I'm not a fan of gore or ultra-violence, either. Yes, I have a secret desire to create a Christmas slasher film (title: "Slay Ride") or a parody dance slasher ("Splatter-Day Night Fever") but that's really because I'm a fan of bad puns, not blood and gore. Violence on screen either looks too real to me, or much too fake. All the special effects technology we have, and we can't pump blood out of a severed arm at a realistic rate? I guess it's kind of like a garden hose, it either comes out too weak or much too strong.
(ASIDE: I guess I see both sides of the violence issue. Though I don't believe in a direct causal link between violent movies/video games and violent acts committed in the real world - I love playing "Grand Theft Auto" and have never gone on a rampage with a bazooka or beat up a hooker in real life - I also think the industry could make some strides toward dialing it back a bit, and this film is a case for that point. Please note that this movie chain was planned well in advance of last week's bombing in Boston - but seeing a room full of people with missing limbs, I couldn't help but make a mental connection.)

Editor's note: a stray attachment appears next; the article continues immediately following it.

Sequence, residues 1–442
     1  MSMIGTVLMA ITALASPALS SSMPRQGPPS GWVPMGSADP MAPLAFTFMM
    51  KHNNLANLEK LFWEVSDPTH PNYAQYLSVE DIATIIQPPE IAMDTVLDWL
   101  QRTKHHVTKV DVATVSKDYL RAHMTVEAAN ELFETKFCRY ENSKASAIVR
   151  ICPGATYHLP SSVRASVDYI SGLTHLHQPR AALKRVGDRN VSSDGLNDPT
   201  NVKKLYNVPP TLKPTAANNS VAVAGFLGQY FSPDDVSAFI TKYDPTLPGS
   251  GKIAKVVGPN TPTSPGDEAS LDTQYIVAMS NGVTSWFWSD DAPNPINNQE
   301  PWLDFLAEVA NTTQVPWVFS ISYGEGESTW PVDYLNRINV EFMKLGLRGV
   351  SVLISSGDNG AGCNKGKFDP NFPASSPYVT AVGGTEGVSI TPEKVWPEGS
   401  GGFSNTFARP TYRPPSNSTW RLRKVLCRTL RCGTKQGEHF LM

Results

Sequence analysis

Heck, I'm not even a fan of most Asian culture, except for sushi, "Iron Chef" and that Wolverine limited series set in Japan. Manga and anime, certainly not. My co-workers keep trying to get me to watch Miyazaki films, but I just don't think I'll enjoy them. So I'm really watching these "Kill Bill" films just to find out what they're all about, and get them off the list.
To really judge this film, I'm going to compare it to the entertainment we saw on the cruise - and I don't mean the piano-bar performers or the magic act, or the acrobatic duo that used to perform with Cirque du Soleil, I mean the in-house group of singers and dancers that perform in the revue, which was a mash-up of songs from the 1950's, 60's and 80's. Hey, know your audience, I've got no trouble with that - but the songs were arranged in a loose storyline with two lovers who visit an amusement park. They sang "Freeze-Frame" at the photo booth, "Hit Me With Your Best Shot" at the shooting gallery, and "Thriller" at the haunted house. They included "Love Potion #9", complete with gypsy and little potion bottles, but it didn't make sense somehow - the couple was already in love, why would they need a love potion? There were no other characters to fall for, so their love was never in doubt - as a result, the storyline had no conflict.